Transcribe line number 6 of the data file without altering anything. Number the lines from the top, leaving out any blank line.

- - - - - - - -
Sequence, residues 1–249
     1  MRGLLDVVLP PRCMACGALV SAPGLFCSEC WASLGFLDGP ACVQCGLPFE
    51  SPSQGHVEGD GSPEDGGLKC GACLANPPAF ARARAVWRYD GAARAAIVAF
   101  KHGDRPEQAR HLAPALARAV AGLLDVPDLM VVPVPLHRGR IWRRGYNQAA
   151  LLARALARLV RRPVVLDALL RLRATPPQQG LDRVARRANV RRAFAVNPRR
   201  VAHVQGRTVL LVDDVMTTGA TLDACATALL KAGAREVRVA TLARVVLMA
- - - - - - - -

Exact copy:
   201  VAHVQGRTVL LVDDVMTTGA TLDACATALL KAGAREVRVA TLARVVLMA